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The Two-Way
1:37 pm
Fri October 12, 2012

If Lance Armstrong Is Stripped, No One May Get His Tour De France Titles

Lance Armstrong, in the leader's yellow jersey, during the 2001 Tour de France.
Patrick Kovarik AFP/Getty Images

Two days after the United States Anti-Doping Agency's release of the evidence it says shows that cyclist Lance Armstrong was part of "the most sophisticated, professionalized and successful doping program that sport has ever seen," the head of the Tour de France has said the world's most famous race will officially have no winners of the seven Tours that Armstrong won if he is stripped of those titles.

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Shots - Health Blog
12:58 pm
Fri October 12, 2012

Classroom Yoga Helps Improve Behavior Of Kids With Autism

Yoga is increasingly being used in classrooms across the U.S. to help kids behave and perform better in school.
iStockphoto.com

Originally published on Fri October 12, 2012 1:48 pm

Researchers have found that kids with autism spectrum disorder who did yoga at their elementary school behaved better than kids with autism who weren't doing yoga.

The researchers surveyed teachers at a school in the Bronx who said a daily yoga program reduced the kids' aggressive behavior, social withdrawal and hyperactivity.

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It's All Politics
12:57 pm
Fri October 12, 2012

7 Signals Stolen From The Running Mates' One-Game Playoff

Vice President Biden and Republican Paul Ryan at Thursday night's debate.
Saul Loeb AFP/Getty Images

Originally published on Fri October 12, 2012 1:59 pm

You may have noticed that the vice presidential debate took place on the same day as four crucial games in this year's baseball playoffs. In case you were distracted at all by the latter, here's some of what you may have missed:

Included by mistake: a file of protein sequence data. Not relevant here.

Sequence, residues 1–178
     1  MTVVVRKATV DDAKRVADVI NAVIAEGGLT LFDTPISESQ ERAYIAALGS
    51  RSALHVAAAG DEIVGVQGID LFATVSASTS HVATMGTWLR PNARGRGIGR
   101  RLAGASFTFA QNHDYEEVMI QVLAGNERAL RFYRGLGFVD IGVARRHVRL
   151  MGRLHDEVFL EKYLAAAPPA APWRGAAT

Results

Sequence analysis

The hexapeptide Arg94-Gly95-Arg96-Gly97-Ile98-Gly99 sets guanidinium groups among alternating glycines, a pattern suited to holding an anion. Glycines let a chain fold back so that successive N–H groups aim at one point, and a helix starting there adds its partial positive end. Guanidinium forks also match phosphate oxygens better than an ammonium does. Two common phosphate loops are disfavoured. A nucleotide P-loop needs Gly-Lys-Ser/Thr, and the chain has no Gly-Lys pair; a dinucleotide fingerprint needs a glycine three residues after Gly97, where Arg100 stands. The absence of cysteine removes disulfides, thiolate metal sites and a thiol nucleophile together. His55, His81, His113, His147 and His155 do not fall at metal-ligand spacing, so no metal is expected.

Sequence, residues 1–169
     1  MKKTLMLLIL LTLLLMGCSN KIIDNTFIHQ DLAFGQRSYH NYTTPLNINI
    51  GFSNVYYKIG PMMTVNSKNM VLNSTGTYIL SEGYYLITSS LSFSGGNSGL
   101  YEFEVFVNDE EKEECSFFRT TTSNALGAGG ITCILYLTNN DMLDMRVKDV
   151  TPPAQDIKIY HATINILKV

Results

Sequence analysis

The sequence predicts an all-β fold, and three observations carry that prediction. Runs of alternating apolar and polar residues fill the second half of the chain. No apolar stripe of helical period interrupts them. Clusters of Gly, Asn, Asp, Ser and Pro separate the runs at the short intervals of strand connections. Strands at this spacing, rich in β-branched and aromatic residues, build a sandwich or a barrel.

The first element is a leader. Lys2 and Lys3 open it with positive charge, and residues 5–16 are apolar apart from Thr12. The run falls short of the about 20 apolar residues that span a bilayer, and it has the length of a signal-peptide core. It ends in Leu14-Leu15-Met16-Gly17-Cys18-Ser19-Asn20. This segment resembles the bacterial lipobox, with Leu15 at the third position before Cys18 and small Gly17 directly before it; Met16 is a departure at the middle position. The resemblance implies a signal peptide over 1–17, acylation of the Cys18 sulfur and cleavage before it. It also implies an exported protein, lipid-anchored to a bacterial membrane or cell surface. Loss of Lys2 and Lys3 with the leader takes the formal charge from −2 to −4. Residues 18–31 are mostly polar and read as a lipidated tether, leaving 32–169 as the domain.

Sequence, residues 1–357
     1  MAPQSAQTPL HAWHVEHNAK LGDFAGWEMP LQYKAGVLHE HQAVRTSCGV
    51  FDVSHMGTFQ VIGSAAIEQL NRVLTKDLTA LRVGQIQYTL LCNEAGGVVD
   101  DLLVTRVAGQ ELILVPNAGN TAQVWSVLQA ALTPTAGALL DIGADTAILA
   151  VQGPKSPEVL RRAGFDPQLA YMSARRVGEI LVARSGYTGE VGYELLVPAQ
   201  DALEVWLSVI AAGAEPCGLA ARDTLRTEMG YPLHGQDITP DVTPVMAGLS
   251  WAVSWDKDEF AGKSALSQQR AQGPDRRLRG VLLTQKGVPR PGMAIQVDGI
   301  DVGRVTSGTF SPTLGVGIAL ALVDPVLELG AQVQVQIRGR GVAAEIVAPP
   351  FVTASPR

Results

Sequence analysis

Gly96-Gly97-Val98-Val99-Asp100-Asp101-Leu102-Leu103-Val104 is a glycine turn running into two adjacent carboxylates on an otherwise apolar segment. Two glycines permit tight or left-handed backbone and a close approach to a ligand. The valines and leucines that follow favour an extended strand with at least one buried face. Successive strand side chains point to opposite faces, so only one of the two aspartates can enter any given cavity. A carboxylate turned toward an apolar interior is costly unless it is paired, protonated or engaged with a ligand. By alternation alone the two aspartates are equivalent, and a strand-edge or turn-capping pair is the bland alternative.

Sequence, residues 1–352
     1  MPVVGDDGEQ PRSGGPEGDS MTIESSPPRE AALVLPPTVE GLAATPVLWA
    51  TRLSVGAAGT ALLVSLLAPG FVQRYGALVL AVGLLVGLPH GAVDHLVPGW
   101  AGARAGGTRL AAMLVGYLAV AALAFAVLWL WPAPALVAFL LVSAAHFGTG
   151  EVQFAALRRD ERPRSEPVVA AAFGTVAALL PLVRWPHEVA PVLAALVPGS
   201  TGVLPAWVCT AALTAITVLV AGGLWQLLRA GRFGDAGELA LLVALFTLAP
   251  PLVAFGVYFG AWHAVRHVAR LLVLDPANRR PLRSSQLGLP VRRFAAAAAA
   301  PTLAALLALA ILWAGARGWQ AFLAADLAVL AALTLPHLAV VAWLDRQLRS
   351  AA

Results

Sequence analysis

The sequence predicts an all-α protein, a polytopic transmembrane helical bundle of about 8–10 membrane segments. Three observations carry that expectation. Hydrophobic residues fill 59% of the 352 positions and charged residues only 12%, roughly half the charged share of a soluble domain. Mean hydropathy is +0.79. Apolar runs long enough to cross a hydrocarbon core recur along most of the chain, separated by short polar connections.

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Science
12:44 pm
Fri October 12, 2012

Prehistoric 'Kennewick Man' Was All Beefcake

Forensic artists think this is what Kennewick Man looked like.
Brittney Tatchell Courtesy of Doug Owsley

Originally published on Fri October 12, 2012 6:41 pm

For nearly a decade, scientists and Northwest tribes in Washington state fought bitterly over whether to bury or study the 9,500-year-old bones known as Kennewick Man. Scientists won the battle, and now, after years of careful examination, they're releasing some of their findings.

For starters, Kennewick Man was buff. I mean, really beefcake. So says Doug Owsley, head of physical anthropology at the Smithsonian's National Museum of Natural History, and the man who led the study of the ancient remains.

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The Two-Way
12:40 pm
Fri October 12, 2012

Remembering Andrew Brimmer, First Black On Federal Reserve's Board

Andrew Brimmer in 1970, when he was a Federal Reserve Board governor.
Hulton Archive Getty Images

A life well-worth noting has caught the attention of obituary writers:

-- "Andrew F. Brimmer, a Louisiana sharecropper's son who was the first black member of the Federal Reserve Board and who led efforts to to reverse the country's balance-of-payments deficit, died on Sunday in Washington. He was 86." (The New York Times)

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